Photo credits: Alex Sun
Comprised of a short film, a piece of Yunjin brocade and a dress, Weaving Stories envisages the lives of the two Yunjin brocade weavers, Qiao-yun and Xiao-fang, untangling their journeys to become craftswomen in a disappearing heritage. The film is woven with different themes concerning their encounters with weaving as well as their life stories. While traditional craft is extremely hierarchical in China, thonik hopes to shed light upon the anonymous makers who dedicate their lives to the grand narrative of craft. The two women portrayed in this film negotiate life with grace and dignity.
Weaving Stories by thonik
in collaboration with Fang Ye (dress design)

Alice Wong and Alexandre Humbert (film)

More information

Dutch Design Week
20 - 28 October 2018
Veem | Floor 2
Torenallee 80
5617 BE Eindhoven

EXPOSE | Our work is out there. It reveals our ideas and values. We make a big splash. [page 181, Why We Design]
NAKED an exhibition exploring nudity and nakedness at Museum Kranenburgh
With the exhibition NAKED – The Vulnerable Body, Museum Kranenburgh considers the changing meaning of the naked in the visual culture of the past decades: from shock to familiarity, from taboo to openness – and sometimes back again.
Photo credits: Insane
John Berger, the well-known British writer and artist said: "To be naked is to be oneself. To be nude is to be seen naked by others "(Ways of Seeing, 1972). Thonik's Thomas Widdershoven uses Berger’s quote as this exhibition’s leitmotif, addressing the challenge of "finding a grey area where classifying in terms of good or bad, sexual or non-sexual, or shocking or not, becomes almost impossible."

By choosing this theme Thomas was forced to bare himself as well. "This exhibition was made against the backdrop of #metoo and a new wave of prudishness. I for one was very much aware of being a man and having feelings, desires and fears." NAKED has a very wide range of work by others and thonik itself. "Apparently nakedness is a theme in our work. We exhibit our campaign where we asked an incredible elderly lady to undress herself for a tv commercial to draw attention to the lowering standards in healthcare in nursing homes." But there is less literal nakedness as well. "I wanted to show Wim Crouwel's phonebook in lowercase which caused a riot in Holland, people feeling exposed because of it. And what would this exhibition be without the work from the late Anthon Beeke – who we lost just quite recently. There is no artist who has worked with nakedness and nudity more vigorously or fearless than Anthon. I'm sad he is no longer with us but grateful for all he has left behind."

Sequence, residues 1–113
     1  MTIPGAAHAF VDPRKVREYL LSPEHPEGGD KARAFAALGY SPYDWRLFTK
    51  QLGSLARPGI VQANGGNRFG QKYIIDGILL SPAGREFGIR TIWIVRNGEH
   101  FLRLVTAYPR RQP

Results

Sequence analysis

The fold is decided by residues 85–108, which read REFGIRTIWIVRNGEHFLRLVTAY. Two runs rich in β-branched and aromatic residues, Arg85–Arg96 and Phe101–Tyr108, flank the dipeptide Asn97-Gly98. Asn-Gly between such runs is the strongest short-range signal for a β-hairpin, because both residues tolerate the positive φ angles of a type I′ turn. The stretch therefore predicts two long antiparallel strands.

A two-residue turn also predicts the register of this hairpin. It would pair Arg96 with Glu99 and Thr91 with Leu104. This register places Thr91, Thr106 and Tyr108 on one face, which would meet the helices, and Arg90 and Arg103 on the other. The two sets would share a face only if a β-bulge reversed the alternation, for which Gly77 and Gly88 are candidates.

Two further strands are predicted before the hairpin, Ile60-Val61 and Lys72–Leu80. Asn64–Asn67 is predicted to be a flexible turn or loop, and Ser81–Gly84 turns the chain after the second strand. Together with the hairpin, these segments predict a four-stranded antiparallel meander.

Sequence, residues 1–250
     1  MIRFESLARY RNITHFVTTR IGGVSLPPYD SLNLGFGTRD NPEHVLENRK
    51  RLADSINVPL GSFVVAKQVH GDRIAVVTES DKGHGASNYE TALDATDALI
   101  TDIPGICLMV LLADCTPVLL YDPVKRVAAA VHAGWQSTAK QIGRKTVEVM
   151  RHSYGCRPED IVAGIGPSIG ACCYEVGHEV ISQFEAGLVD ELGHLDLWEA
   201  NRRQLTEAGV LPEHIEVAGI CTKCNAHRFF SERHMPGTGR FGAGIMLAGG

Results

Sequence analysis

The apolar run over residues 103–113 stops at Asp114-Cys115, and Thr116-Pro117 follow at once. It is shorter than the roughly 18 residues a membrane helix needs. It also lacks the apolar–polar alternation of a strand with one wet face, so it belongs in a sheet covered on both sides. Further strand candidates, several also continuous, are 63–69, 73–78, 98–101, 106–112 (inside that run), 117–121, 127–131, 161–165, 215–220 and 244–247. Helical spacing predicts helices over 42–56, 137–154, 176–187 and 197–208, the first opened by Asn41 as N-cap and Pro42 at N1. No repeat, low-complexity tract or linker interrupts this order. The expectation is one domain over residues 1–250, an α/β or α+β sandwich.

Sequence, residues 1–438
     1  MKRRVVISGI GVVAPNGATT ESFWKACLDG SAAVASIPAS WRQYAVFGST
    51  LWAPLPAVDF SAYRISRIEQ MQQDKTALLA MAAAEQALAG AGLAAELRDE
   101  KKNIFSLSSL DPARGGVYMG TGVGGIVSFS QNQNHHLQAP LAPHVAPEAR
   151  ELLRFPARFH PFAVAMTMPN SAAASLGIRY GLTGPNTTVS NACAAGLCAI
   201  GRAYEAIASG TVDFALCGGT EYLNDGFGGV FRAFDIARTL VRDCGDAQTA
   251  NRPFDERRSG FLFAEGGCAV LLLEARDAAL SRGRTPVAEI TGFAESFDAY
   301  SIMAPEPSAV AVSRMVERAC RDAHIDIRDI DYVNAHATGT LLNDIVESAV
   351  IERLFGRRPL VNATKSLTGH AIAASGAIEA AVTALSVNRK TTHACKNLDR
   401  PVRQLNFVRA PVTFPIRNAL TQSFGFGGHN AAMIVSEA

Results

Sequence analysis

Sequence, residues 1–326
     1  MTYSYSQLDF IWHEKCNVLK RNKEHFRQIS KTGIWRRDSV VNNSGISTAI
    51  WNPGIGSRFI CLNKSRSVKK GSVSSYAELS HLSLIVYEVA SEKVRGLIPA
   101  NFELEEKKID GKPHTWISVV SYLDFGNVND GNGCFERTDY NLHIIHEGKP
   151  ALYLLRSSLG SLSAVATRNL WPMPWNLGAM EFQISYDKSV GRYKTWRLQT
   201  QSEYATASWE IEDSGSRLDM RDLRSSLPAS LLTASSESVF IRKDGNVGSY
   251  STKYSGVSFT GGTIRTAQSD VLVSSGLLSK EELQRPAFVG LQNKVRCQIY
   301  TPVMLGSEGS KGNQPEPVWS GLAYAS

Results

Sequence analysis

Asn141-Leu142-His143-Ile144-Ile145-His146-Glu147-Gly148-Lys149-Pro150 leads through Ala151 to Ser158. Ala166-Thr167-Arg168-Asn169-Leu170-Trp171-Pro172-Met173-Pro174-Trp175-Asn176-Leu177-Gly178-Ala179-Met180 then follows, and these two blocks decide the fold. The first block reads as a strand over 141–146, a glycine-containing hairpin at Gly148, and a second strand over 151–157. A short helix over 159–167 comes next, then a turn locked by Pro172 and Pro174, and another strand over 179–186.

NAKED curated by Thomas Widdershoven
assisted by Marie Stel

Museum Kranenburgh
Hoflaan 26, Bergen NH
14 October 2018 – 3 February 2019
Note to the editor (not for publication):

about thonik
thonik was founded in 1993 and specialises in visual communication, graphic identity, interaction, and motion design. To the studio it is important to create work that sets apart and differentiates, work that sparks discussions and initiates change – one design at a time. thonik has developed numerous advertising campaigns, visual identities, and moving graphics for Museum Kranenburgh, Museum Boijmans Van Beuningen, the VPRO, the Holland Festival and the Power Station of Art in Shanghai.


More information and high-resolution images are available via the online press page. Please address any press or media inquiries to Carlijn Bosch: | +31 302716311 | +31 648517367

Stadhouderskade 85
1073 AT Amsterdam
The Netherlands

+31 (0)20 4683525

thonik press release

Copyright © 2018
authors, thonik, Amsterdam